While Friedrich claimed dehumanization is a key principle of Aryanism, Malick stressed the humanity of those who suffer caste-based discrimination.

“These are real people,” said Malick. “We are not talking about some abstract thing. Millions of people are, on a daily basis, facing the brunt of the oppression and all that happens in the name of caste. And it is upon us, those that are in a better position, those that have the ability, those that have the access, means, to bring those issues of the ones that are oppressed to the corridors where it can make a difference. And obviously that accentuates a need for a united front that includes all of the minorities and oppressed, including Dalits, Hindus, Sikhs, Christians, and Muslims.”

The issue is one of inequality, he explained, noting that Hindus are as equal as all others and any effective change must reject a worldview “granting an entire community as not worthy of being considered equal.”

The work of persuading India to accept the truth of human equality struck all the speakers as a monumental task, especially considering the generational conditioning of the culture. As Bernard noted: “The psychology of racism runs deep.” He suggested, however, that real change begins with oneself, saying, “The psychology of racism is something that we must uproot in ourselves, and in our families, and in our communities, and it’s only when we start there that we’ll actually be able to chop away at this huge giant that is the Brahmanist system.”

Friedrich agreed, saying, “Since change starts within, we must ask: ‘Is there Brahmanism in our own hearts? Where do we find Aryanism in our hearts? How do we view ourselves as superior and treat others as inferior?’”

Hypocrisy is the chief attribute of Brahmins, claimed B.D. Borkar at the beginning of his speech. Describing how he was gifted an English-language copy of the Sikh Scripture, Guru Granth Sahib, he referred to a passage in it that quotes Sikhi’s 16th-century founder, Guru Nanak. Calling on Brahmins to “renounce your hypocrisy,” Nanak denounced their shows of piety and ritual purity, declaring:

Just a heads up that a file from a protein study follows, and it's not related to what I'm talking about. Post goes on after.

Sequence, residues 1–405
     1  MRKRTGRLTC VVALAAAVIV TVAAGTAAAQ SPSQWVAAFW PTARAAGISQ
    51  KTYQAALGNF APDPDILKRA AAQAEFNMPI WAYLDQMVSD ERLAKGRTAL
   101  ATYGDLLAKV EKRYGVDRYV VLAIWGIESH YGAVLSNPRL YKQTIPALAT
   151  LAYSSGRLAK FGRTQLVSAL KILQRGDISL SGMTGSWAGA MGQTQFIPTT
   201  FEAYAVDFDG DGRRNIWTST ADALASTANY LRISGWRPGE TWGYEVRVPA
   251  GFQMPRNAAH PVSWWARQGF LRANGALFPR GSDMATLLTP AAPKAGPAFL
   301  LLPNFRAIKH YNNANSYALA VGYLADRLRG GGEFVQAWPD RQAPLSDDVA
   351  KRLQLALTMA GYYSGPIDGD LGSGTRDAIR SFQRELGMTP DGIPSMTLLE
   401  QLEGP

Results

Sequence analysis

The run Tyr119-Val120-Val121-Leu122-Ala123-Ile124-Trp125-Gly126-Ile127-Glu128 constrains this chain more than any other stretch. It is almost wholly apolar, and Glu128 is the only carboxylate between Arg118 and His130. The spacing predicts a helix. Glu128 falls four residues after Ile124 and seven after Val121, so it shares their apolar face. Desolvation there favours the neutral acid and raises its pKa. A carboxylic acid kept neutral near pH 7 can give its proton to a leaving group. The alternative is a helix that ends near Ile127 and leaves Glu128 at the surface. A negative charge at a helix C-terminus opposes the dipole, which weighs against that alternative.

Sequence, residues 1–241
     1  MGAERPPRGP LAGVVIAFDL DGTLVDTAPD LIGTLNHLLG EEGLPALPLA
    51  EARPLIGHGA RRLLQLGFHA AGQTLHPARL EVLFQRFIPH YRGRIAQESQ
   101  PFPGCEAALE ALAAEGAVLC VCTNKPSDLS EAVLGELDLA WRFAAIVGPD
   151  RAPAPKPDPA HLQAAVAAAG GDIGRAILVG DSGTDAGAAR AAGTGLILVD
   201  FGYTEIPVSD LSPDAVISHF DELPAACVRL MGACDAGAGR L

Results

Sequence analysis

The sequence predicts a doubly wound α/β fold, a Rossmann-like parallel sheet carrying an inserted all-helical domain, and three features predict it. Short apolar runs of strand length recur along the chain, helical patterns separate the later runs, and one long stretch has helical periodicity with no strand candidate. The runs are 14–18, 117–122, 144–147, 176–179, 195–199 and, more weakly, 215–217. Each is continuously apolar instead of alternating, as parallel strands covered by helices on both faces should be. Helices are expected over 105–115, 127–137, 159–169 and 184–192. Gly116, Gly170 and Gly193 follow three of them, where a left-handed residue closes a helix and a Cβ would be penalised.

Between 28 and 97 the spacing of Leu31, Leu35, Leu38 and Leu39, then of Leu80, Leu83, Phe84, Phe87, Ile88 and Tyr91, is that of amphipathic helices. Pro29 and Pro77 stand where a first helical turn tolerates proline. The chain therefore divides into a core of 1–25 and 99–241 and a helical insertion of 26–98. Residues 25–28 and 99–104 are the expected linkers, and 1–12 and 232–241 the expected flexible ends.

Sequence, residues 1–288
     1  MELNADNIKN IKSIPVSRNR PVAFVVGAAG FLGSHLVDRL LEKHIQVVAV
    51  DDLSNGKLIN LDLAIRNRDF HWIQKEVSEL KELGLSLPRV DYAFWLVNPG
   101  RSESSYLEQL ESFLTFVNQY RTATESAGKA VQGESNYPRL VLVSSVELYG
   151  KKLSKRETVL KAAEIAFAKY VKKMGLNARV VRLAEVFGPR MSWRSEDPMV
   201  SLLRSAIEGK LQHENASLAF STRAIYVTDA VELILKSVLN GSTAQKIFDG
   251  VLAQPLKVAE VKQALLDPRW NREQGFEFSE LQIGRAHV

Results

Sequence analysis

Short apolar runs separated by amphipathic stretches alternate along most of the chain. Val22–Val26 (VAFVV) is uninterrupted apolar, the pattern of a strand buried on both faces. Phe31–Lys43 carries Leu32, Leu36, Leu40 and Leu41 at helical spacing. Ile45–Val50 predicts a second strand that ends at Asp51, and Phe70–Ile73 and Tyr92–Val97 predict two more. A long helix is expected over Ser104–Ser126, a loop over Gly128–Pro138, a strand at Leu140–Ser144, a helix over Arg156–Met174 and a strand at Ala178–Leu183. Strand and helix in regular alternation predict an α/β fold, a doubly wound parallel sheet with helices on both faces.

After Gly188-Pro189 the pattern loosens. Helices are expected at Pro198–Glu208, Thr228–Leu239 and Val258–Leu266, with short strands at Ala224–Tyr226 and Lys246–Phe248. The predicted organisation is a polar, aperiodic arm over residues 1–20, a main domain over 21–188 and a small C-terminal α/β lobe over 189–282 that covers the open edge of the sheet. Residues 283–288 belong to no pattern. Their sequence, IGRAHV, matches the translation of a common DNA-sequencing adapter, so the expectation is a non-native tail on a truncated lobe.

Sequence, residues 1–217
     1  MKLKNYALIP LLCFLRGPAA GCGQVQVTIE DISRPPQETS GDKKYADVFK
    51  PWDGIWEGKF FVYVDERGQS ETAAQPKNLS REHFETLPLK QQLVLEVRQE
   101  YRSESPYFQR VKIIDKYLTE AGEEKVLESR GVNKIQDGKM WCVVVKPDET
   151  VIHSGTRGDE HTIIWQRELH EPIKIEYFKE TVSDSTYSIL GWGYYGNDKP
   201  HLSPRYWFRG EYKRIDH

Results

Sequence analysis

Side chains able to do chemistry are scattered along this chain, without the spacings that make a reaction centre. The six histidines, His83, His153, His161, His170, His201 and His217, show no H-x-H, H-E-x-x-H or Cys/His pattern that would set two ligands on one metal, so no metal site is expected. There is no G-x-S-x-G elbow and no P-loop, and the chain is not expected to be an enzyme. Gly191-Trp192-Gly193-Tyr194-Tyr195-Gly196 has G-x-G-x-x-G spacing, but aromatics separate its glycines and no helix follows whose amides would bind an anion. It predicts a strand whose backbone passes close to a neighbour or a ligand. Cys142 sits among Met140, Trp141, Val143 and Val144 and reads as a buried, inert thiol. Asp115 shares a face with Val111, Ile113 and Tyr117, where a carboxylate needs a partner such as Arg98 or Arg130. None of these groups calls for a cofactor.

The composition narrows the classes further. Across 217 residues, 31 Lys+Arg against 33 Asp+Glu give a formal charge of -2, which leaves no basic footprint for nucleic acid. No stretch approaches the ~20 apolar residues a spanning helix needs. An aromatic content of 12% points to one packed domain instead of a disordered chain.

“The sacred marks are on their foreheads, and the saffron loin-cloths are around their waists; in their hands they hold the knives – they are the butchers of the world! Wearing blue robes, they seek the approval of the Muslim rulers. Accepting bread from the Muslim rulers, they still worship the Puranas. They eat the meat of the goats, killed after the Muslim prayers are read over them, but they do not allow anyone else to enter their kitchen areas. They draw lines around them, plastering the ground with cow-dung. The false come and sit within them.”

After the six speakers spoke, they participated in a discussion panel moderated by Dr. Amrik Singh, a professor at Sacramento State University, who stated: “Our belief systems make us what we are. So, all humans are created equally, including Brahmins … It’s the ideology, not human beings -- human beings, all are created equally.”